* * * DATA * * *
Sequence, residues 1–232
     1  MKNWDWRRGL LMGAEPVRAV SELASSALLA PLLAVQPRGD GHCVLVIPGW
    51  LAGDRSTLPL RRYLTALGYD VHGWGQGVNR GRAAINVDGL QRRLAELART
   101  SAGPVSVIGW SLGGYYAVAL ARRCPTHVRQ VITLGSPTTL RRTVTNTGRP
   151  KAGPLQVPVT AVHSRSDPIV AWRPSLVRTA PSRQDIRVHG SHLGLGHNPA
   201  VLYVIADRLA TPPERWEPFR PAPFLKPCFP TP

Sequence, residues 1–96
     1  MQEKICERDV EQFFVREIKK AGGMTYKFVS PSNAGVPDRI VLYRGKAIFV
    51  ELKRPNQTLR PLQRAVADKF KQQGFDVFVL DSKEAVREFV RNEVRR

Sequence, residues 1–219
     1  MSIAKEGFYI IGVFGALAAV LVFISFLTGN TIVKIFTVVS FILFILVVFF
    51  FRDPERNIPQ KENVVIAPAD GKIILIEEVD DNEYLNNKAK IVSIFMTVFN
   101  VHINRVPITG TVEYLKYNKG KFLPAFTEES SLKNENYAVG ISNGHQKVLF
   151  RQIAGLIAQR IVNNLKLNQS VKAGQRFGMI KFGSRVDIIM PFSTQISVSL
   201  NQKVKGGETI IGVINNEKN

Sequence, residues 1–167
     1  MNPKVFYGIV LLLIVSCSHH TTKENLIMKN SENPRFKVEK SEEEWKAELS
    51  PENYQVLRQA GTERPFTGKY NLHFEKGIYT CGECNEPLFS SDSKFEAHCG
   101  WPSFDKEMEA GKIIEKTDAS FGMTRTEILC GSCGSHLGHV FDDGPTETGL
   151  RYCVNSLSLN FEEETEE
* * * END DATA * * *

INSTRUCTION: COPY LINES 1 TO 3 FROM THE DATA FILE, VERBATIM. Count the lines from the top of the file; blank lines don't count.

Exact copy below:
Sequence, residues 1–232
     1  MKNWDWRRGL LMGAEPVRAV SELASSALLA PLLAVQPRGD GHCVLVIPGW
    51  LAGDRSTLPL RRYLTALGYD VHGWGQGVNR GRAAINVDGL QRRLAELART